Simpson arrived back in London in May 1885, at the height of the crisis. As the first man from the Afghan Boundary Commission to have returned from the disputed territory, he was seized upon as the man of the hour. The Foreign Secretary and the Royal Family both sent him invitations, to hear his story and to see his sketchbook.
The crisis helped to bring down the government, and Lord Salisbury (the great-great-grandfather of the my employer) became the new Prime Minister. Prime Minister Salisbury compelled the Russians to agree to a deal whereby they kept the territory they had taken, but no more. The Afghan Boundary Commission was told to continue its work, and they did eventually come up with a line that’s still the border between Afghanistan and Turkmenistan. World War One was averted for another three decades.
Fast forward a hundred years. In the 1980s, the present Lord Salisbury bought Simpson’s Afghanistan sketchbook at Christie’s Auction House. Eventually he hit on the idea of writing a book about it. The plan was to tell the story that I’ve just told, and illustrate it with Simpson’s own pictures. But to do this, he was going to need the services of a researcher.
As I leafed through Simpson’s sketchbook, I realised what a phenomenal picture collection it was – especially as an eyewitness view of Central Asian history. Simpson’s beautiful and striking watercolours were mixed with dozens of doodles and practice drawings, depicting his journey through Persia, Afghanistan and the shores of the Black Sea.
My first task was to immerse myself in the world of the Afghan Boundary Commission. I thought the job would take four or five months. In the end it lasted for three years.
The Roxburghe Club
Lord Salisbury is a member of the Roxburghe Club, a society of about forty bibliophiles. Each member is expected to write a book and submit it to their fellow members. Normally their subject is an unpublished manuscript of some sort: something obscure from the private archives of the members. The expectation had been that Lord Salisbury would cobble something together from the Hatfield House Archive, but instead he’d gone slightly rogue by choosing Simpson’s sketchbook. A lot of Roxburghe Club books are not much more than facsimiles with introductions written by that member of the club, but Lord Salisbury had something much more ambitious in mind.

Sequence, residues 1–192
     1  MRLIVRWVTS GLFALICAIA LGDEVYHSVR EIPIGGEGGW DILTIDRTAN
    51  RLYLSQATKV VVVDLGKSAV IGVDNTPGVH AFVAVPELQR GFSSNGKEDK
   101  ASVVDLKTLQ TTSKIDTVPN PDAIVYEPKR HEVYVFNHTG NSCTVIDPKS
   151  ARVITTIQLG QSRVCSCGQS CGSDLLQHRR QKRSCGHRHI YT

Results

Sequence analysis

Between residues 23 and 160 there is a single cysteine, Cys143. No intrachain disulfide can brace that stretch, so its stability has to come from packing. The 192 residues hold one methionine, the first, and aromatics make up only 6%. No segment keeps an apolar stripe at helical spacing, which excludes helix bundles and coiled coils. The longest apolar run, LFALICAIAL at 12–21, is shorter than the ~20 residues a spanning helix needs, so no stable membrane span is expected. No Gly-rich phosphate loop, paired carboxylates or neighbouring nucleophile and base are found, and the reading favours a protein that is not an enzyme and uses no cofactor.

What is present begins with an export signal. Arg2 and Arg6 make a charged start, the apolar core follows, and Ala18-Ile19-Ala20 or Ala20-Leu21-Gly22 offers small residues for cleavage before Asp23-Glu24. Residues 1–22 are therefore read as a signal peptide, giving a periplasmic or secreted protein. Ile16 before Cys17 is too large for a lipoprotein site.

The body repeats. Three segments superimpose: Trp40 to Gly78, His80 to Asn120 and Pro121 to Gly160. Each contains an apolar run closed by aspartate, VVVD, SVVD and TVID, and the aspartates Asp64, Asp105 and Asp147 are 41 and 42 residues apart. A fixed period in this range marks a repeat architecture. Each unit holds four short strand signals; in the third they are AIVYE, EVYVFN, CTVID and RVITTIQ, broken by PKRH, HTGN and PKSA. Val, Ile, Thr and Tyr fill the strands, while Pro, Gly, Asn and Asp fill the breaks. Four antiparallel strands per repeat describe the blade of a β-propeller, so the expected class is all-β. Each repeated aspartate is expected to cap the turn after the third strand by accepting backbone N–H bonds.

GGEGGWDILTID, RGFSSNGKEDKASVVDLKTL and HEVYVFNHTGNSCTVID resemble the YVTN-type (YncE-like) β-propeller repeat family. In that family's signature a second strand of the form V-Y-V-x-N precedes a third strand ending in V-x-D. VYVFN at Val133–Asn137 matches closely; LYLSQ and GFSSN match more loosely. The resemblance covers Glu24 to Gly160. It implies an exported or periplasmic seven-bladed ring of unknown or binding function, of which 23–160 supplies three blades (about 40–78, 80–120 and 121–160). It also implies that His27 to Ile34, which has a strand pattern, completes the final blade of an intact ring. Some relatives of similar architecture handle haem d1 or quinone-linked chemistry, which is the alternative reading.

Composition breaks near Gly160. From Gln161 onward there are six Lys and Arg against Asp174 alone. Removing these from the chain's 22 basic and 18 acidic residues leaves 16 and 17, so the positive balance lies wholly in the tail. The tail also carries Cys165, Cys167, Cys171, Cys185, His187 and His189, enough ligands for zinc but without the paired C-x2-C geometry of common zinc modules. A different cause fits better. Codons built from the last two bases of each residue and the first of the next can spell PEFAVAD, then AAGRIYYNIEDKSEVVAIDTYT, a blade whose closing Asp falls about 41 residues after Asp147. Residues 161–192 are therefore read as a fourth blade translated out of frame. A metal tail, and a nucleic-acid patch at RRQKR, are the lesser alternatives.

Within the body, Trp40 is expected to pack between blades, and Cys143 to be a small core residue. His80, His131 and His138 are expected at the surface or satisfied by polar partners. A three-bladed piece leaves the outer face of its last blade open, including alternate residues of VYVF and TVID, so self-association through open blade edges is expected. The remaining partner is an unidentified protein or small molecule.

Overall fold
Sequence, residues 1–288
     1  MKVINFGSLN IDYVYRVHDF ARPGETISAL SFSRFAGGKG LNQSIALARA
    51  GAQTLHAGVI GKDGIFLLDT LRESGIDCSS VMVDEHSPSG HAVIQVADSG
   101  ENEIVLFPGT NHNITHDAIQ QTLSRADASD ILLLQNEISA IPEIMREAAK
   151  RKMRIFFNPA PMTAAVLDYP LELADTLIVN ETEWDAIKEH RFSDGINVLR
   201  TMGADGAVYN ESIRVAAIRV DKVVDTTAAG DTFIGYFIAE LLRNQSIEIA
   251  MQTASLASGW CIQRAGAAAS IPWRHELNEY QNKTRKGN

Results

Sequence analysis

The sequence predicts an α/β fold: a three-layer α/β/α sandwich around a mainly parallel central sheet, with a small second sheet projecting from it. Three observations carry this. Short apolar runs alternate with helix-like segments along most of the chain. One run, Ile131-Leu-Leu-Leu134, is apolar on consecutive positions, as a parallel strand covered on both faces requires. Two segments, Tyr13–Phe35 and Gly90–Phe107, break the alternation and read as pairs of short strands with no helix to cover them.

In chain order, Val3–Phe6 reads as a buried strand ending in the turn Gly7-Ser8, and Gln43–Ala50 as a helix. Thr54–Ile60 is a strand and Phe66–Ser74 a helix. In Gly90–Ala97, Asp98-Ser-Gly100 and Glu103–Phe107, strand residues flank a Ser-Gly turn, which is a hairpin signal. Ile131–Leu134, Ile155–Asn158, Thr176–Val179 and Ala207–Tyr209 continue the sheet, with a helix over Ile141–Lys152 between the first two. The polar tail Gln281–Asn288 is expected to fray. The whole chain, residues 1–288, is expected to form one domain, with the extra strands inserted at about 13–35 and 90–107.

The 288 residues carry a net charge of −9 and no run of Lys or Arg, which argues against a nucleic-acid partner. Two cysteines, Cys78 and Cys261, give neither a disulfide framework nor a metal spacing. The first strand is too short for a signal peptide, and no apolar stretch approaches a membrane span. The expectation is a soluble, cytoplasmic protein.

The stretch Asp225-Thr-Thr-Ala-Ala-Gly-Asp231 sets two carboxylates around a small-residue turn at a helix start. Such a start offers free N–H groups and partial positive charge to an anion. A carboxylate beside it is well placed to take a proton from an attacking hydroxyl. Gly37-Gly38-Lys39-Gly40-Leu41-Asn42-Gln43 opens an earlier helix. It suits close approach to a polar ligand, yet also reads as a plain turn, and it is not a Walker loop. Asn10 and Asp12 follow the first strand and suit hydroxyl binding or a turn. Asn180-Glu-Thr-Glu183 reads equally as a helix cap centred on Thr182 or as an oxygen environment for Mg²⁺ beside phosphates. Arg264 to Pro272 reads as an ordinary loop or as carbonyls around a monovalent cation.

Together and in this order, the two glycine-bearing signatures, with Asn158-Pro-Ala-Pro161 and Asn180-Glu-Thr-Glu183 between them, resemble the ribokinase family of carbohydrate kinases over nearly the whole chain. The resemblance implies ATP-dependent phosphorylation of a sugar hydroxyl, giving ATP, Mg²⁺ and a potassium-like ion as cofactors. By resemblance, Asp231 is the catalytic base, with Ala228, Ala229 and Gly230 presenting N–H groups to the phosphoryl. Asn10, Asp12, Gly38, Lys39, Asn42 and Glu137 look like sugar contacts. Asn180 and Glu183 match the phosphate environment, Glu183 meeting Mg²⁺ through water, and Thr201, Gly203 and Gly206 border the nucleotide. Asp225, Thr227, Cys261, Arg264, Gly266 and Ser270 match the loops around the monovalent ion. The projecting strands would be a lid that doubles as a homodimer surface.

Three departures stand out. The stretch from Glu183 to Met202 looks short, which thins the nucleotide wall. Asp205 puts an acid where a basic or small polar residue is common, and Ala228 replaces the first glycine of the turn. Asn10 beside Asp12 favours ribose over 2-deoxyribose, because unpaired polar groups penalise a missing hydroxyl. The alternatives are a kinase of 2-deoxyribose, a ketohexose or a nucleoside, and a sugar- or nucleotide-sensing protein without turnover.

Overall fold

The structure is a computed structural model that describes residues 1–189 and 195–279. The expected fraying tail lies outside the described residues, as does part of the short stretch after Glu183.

The Roxburghe books are beautiful objects: leather-bound and impressive, they are books as works of art. This means that they are very expensive to print. And treating a Roxburghe project as a commercial enterprise is frowned upon. As such, Lord Salisbury’s plan was always to have a very small private print run. In the end he settled on printing a hundred and fifty copies.
William Simpson and the Crisis in Central Asia
The history of the Afghan Boundary Commission and the crisis with Russia was hugely important at the time, but these days it’s badly neglected. I tracked down contemporary newspaper articles and out-of-print memoirs, sifting through mounds of information in search of clues. The more I discovered about the expedition and its heroic members, the more fascinated I became. I tracked down three of William Simpson’s great-grandchildren, who were helpful in many ways.
Then Lord Salisbury and I got together and made a chapter plan that pulled the whole thing into shape. I compiled a document more than 100,000 words long, in which all my notes were sorted into these chapter headings. Lord Salisbury then used this document as the backbone of his manuscript.
When the draft was written, I changed hats from researcher to editor, writing appendices and overseeing endless tiny corrections to the manuscript. We got ourselves a book designer, a mapmaker and an indexer, and I coordinated with them to bring it all together.
The book is called William Simpson and the Crisis in Central Asia, 1884-5. The day I first laid my hands on it was a memorable day (partly because it was the day that London entered Tier 4 and Christmas was cancelled). It’s a beautiful object, and Simpson’s pictures interact with Lord Salisbury’s text in just the way we’d hoped. Admittedly I can’t bear to read the thing in case there’s a typo I missed, but I know every sentence by now, and the images are restored to their full, crisp glory.
There are now copies of William Simpson and the Crisis in Central Asia in several academic libraries (ISBN 978-1-5272-7047-3). Call me biased, but I think it’s a cracking story and a significant work of research in a confusing historical field. I waded through a tangled web of place-names and sudden Russian advances, painstakingly sifting through to figure out the exact significance of the Zulfikar Pass and the bridge at Pul-i-Khisti, and I hope our text and our maps make it vastly more understandable for future researchers. It’s been a labour of love. I hope people like it.